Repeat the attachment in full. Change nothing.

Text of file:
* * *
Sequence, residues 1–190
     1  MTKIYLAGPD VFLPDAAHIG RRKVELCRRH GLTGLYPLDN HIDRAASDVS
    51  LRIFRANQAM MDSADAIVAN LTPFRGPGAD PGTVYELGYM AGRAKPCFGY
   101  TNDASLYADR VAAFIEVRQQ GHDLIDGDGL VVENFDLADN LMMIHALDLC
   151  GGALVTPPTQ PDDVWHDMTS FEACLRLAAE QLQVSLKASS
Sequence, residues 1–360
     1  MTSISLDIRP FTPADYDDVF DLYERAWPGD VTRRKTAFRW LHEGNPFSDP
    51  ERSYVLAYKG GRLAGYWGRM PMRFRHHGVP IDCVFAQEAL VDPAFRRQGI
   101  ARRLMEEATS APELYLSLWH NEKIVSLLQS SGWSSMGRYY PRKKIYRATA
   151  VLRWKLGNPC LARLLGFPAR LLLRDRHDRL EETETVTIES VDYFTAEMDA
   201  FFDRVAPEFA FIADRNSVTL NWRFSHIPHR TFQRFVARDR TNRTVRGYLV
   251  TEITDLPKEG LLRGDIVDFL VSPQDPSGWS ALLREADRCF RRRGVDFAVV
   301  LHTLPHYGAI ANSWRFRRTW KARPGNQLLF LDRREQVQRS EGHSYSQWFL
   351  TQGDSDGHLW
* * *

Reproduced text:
Sequence, residues 1–190
     1  MTKIYLAGPD VFLPDAAHIG RRKVELCRRH GLTGLYPLDN HIDRAASDVS
    51  LRIFRANQAM MDSADAIVAN LTPFRGPGAD PGTVYELGYM AGRAKPCFGY
   101  TNDASLYADR VAAFIEVRQQ GHDLIDGDGL VVENFDLADN LMMIHALDLC
   151  GGALVTPPTQ PDDVWHDMTS FEACLRLAAE QLQVSLKASS
Sequence, residues 1–360
     1  MTSISLDIRP FTPADYDDVF DLYERAWPGD VTRRKTAFRW LHEGNPFSDP
    51  ERSYVLAYKG GRLAGYWGRM PMRFRHHGVP IDCVFAQEAL VDPAFRRQGI
   101  ARRLMEEATS APELYLSLWH NEKIVSLLQS SGWSSMGRYY PRKKIYRATA
   151  VLRWKLGNPC LARLLGFPAR LLLRDRHDRL EETETVTIES VDYFTAEMDA
   201  FFDRVAPEFA FIADRNSVTL NWRFSHIPHR TFQRFVARDR TNRTVRGYLV
   251  TEITDLPKEG LLRGDIVDFL VSPQDPSGWS ALLREADRCF RRRGVDFAVV
   301  LHTLPHYGAI ANSWRFRRTW KARPGNQLLF LDRREQVQRS EGHSYSQWFL
   351  TQGDSDGHLW